Expert Point of View: Michaela A. Dinan, PhD

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Invited discussant of the study on medication nonadherence, Michaela A. Dinan, PhD, Co-Leader of Cancer Prevention and Control at Yale Cancer Center and Associate Professor of Chronic Disease Epidemiology at the Yale School of Public Health, in Connecticut, noted that the CAHPS survey data provide a “unique opportunity to obtain patient-reported outcomes and opinions regarding their health care.” However, these surveys are not administered at times directly related to cancer diagnosis.

“Because patients were a median of 7 years out from their diagnosis, the actual prescriptions for which adherence was being assessed may not have all been medications directly related to their cancer care,” said Dr. Dinan. “It’s also unclear whether patients were nonadherent to multiple medications or just the more expensive ones, since only a single metric of finance-related nonadherence was provided in the survey.”

Michaela A. Dinan, PhD

Michaela A. Dinan, PhD

Interpreting Survey Findings

The study also observed that differences in out-of-pocket costs in patients who did vs did not report financially motivated nonadherence were larger in urban-dwelling patients than in patients living in rural areas. The investigators concluded that cost-related prescription adherence was associated with total out-of-pocket costs, with less focus on out-of-pocket co-pays for the drugs themselves.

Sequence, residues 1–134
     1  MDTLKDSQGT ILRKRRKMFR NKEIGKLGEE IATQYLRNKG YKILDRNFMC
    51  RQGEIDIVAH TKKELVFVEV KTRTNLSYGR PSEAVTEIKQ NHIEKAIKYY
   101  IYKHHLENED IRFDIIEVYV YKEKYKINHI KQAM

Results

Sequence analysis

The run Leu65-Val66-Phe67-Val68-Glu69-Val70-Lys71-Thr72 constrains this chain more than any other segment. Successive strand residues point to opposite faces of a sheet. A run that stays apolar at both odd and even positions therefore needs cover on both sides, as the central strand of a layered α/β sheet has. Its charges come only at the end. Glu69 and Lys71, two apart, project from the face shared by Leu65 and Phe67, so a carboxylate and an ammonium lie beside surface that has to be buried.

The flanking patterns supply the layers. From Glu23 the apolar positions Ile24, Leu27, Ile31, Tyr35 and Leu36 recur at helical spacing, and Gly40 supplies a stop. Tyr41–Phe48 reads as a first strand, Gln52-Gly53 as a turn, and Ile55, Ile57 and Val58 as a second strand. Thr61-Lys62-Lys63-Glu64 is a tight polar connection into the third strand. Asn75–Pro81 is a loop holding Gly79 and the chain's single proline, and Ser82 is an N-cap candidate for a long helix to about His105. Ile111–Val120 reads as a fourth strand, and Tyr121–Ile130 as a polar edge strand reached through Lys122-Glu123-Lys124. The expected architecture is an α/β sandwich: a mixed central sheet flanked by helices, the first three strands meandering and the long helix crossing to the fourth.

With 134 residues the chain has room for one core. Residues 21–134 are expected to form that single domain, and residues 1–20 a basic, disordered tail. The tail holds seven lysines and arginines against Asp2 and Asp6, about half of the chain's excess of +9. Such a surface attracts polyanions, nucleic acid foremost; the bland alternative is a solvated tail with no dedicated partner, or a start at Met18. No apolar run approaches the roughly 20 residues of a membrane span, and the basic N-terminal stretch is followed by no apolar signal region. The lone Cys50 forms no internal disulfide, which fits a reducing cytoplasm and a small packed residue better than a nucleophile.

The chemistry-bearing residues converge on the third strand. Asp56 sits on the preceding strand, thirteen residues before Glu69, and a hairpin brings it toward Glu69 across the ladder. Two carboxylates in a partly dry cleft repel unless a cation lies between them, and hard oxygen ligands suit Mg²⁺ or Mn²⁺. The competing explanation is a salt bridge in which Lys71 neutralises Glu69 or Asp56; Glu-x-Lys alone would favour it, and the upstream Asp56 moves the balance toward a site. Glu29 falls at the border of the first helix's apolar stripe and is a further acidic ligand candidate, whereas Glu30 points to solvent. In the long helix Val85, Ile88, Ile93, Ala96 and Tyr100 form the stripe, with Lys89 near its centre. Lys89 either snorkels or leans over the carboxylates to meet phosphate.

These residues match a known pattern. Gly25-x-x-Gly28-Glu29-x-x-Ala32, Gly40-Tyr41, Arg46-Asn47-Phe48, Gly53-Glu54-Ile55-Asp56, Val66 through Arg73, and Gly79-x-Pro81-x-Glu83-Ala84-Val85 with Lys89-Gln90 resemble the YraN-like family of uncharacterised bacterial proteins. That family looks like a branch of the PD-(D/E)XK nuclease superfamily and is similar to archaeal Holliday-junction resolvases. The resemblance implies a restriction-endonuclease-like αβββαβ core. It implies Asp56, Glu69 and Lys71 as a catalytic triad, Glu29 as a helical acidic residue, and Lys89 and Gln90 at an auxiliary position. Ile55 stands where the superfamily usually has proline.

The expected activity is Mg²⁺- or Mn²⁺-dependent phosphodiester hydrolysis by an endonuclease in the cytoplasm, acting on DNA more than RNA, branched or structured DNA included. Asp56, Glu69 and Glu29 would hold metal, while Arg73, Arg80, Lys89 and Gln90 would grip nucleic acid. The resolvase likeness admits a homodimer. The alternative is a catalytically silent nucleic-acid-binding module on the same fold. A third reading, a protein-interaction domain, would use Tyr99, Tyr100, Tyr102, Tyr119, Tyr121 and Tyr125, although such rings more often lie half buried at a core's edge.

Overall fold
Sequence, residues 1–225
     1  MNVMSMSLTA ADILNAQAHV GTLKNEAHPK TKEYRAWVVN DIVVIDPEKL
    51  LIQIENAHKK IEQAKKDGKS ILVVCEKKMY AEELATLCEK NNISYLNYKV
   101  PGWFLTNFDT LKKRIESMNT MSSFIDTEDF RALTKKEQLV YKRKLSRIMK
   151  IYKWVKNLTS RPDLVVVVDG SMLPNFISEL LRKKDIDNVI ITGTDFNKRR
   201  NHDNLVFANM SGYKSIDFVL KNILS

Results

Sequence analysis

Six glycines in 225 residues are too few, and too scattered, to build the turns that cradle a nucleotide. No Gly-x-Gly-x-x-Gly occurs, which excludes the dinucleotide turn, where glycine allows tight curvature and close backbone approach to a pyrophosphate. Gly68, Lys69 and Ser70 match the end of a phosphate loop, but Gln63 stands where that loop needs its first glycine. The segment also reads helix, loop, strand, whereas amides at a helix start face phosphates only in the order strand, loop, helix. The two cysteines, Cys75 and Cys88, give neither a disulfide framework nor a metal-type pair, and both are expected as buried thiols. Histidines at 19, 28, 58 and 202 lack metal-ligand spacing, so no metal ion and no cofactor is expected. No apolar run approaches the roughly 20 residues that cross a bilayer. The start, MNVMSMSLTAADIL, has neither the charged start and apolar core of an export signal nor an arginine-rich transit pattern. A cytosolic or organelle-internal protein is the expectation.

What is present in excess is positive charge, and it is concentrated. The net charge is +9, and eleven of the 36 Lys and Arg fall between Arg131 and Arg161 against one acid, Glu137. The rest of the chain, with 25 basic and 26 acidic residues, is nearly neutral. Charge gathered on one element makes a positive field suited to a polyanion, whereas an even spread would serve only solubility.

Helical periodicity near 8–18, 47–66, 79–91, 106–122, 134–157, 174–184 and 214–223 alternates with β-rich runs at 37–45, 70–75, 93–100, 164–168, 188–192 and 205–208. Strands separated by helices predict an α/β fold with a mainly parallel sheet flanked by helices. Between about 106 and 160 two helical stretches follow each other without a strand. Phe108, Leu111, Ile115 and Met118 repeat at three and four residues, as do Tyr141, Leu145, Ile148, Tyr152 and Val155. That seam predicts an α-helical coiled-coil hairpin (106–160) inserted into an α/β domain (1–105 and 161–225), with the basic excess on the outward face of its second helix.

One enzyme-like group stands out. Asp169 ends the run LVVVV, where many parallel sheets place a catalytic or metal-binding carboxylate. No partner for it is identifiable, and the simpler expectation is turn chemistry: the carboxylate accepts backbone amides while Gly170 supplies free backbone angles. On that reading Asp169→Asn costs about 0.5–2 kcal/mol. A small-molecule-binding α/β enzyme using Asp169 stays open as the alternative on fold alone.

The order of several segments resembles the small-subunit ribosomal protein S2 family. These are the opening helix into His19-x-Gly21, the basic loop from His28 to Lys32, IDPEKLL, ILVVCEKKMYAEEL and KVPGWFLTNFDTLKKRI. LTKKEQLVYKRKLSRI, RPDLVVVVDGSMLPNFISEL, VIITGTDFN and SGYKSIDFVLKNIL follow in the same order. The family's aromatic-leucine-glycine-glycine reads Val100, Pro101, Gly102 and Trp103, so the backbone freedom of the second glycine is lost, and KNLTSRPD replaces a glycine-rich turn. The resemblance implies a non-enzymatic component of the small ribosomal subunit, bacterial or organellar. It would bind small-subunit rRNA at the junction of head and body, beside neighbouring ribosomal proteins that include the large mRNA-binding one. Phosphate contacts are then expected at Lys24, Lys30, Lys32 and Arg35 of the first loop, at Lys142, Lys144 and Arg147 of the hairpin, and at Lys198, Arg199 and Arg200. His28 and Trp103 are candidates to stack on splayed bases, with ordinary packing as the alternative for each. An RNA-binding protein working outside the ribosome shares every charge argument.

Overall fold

“In survivors reporting nonadherence, out-of-pocket drug costs were only about $76 more than patients who were adherent,” said Dr. Dinan, who noted that most of the difference in costs was related to outpatient and physician services. “One interpretation is that the overall financial medical burden is relevant to adherence more than just the direct co-pays for drugs.”

Dr. Dinan also highlighted the decreased difference in out-of-pocket costs for patients in rural areas. Although she agreed with the authors that prescription-adherence decisions may be more cost-sensitive for rural patients, an alternative interpretation is that cost considerations may be less critical to rural patients (or more critical to urban patients).

“If the investigators had found a $0 difference between adherent and nonadherent patients in rural settings, for example, the interpretation would have been that money does not impact adherence,” said Dr. Dinan. “A smaller dollar amount difference between adherent and nonadherent patients does not necessarily suggest that out-of-pocket costs are stronger drivers of nonadherence for rural patients.”

Next Steps

According to Dr. Dinan, multivariable and subgroup analyses in the future might help to disentangle these factors. Because adherence was survey-based, an investigation using Medicare Part D data to compare patient self-reported adherence and objective prescription-fill data could also be useful to validate these data, she added.

Finally, said Dr. Dinan, it would be interesting to explore how financial factors such as lost wages, incomes, savings, and social support impact financial burdens to adherence. 

DISCLOSURE: Dr. Dinan has received research funding from AstraZeneca and Janssen.


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Medication Nonadherence Among Cancer Survivors: Are Indirect Health-Care Costs to Blame?

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